GAO Says White House Anti-Drug Campaign Hasn't Worked

This is your brain. This is your brain on drugs. And this is the advertising part of your brain, which may appear normal, according to a new Federal agency study. A Government Accountability Office report released last week says the $100 million-a-year White House youth anti-drug advertising program hasn't worked. Teens got the wrong message.

"Exposure to the advertisements generally did not lead youth to disapprove of using drugs and may have promoted perceptions among exposed youth that others' drug use was normal," the GAO report said. "Moreover, the evaluation was unable to demonstrate that changes in parental attitudes led to changes in youth attitudes or behaviors toward drug use." The study took two and a half years to produce.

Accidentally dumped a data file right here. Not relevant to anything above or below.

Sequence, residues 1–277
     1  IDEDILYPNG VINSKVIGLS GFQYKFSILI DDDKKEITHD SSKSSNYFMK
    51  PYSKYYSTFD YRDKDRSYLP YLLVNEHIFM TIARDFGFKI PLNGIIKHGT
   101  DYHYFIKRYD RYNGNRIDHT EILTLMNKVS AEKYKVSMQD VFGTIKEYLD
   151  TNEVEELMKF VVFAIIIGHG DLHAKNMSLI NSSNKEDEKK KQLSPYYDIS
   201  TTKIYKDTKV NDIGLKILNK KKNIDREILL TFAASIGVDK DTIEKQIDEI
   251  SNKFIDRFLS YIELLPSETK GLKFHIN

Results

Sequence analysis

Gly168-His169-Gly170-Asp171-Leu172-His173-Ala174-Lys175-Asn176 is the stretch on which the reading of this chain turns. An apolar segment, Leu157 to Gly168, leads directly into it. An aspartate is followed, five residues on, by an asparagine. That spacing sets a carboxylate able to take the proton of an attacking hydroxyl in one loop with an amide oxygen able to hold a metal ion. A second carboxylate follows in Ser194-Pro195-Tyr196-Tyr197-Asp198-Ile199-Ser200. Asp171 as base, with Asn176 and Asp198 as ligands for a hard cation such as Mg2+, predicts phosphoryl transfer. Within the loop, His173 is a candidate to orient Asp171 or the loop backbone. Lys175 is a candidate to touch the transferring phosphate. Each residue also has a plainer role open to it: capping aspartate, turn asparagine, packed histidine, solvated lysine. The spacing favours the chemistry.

Between 1998 and 2004, Congress appropriated over $1.2 billion to the Office of National Drug Control Policy for the National Youth Anti-Drug Media Campaign. The campaign aims to prevent the initiation of--or curtail the use of--drugs among the nation's youth.



The White House disagrees with the study's findings. "Teen use is down dramatically over the last four years in exactly the demographics targeted by the campaign," a White House Office spokesman told Television Week. "Yet there has been no movement in any other demographics. Do the math. It's common sense."

The GAO report said that teens' and parents' recall of campaign ads did increase over time.

Analysts believe the GAO findings are problematic for the ONDCP. The report recommends that Congress limit funding until the ONDCP "provides credible evidence of a media campaign approach that effectively prevents and curtails youth drug use."

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